The Whittier Redevelopment Agency (WRA) was established on September 21, 1971. The Agency currently has four redevelopment projects: a) the Greenleaf Avenue/Uptown Whittier Redevelopment Project established in 1974, b) the Whittier Boulevard Redevelopment Project, established in 1978, c) the Whittier Earthquake Recovery Project, established in 1987, and d) the Whittier Commercial Corridor Redevelopment Project, established in 2002.
The Greenleaf Redevelopment Project covers a 137-acre area in Uptown Whittier and along Greenleaf Avenue. The area is developed primarily by office buildings, retail stores, condominiums, and institutional uses.
The Whittier Blvd Redevelopment Project consists of approximately 238 acres containing a variety of major commercial and light industrial uses along Whittier Blvd., the primary corridor into the city from the San Gabriel River Freeway (I-605).
As a result of the Whittier Narrows earthquake of October 1987, many of the existing structures in Uptown Whittier were severely damaged. On Nov. 24, 1987, the Earthquake Recovery Project, a tract of land consisting of approximately 521 acres, was established by the City as part of the plan to rehabilitate and revitalize the damaged area. The Earthquake Recovery Project includes the core Uptown retail area and surrounds the Greenleaf Redevelopment Project on the east, north and west side.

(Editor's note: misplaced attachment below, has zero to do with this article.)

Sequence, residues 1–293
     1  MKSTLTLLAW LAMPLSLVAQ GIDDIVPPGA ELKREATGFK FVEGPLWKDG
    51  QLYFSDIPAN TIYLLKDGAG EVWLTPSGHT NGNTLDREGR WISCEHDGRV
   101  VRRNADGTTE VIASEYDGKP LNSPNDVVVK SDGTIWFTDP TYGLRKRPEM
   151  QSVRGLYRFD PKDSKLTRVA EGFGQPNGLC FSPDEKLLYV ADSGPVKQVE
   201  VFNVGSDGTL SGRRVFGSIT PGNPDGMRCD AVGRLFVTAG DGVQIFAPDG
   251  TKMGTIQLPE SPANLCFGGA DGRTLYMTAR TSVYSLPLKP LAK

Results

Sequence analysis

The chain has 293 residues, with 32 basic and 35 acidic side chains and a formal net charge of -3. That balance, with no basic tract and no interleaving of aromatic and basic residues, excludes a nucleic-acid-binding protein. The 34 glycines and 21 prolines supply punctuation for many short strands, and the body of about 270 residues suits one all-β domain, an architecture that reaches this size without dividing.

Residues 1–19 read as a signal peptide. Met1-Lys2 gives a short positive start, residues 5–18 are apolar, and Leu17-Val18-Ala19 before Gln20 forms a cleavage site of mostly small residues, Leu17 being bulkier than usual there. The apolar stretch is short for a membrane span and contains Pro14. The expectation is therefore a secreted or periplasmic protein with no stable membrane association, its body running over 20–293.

The Whittier Commercial Corridor Redevelopment Project consists of approximately 628 acres and is the primary commercial corridor area on both sides of Whittier Blvd. This project includes the Fred C. Nelles site and the commercial area on Lambert Road south of the original area.
Below is a parcel map of the four Whittier Redevelopment Project Areas. For more information on the City's Housing Programs, click here.
Download Project Area Map
As part of the strategy to close funding gaps in the State’s budget, AB X1 26 and 27 were signed by the Governor on June, 29, 2011. Parts of the new laws eliminate redevelopment and suspend redevelopment agency activities, including incurring indebtedness or entering into or modifying contracts. The new laws also established a new Alternative Voluntary Redevelopment Program that allows Cities to “buy-back”/re-establish their agencies then continue their work improving communities. On July 26, 2011, the City Council approved Ordinance No. 2978, which re-established the Whittier Redevelopment Agency under the Alternative Voluntary Redevelopment Program. The second reading of the Ordinance occurred on August 9, 2011.
Because the City Council voted to re-establish the WRA, the Agency was not required by the aforementioned new laws to file an Enforceable Obligation Payment Schedule (EOPS) by August 28, 2011. This EOPS process was reserved only for those agencies that were not planning to opt-in to the Alternative Voluntary Redevelopment Program. However, as a result of the Supreme Court’s “modified stay” issued on August 17, 2011 the opt-in legislation was “stayed,” while the legislation requiring agency wind down was left in force. This change required the Whittier Redevelopment Agency to comply with the wind down provisions and adopt an EOPS on August 23, 2011. The document can be downloaded by clicking here.
More information about the state of redevelopment in California can be found on the California Redevelopment Association’s website. (http://www.calredevelop.org/)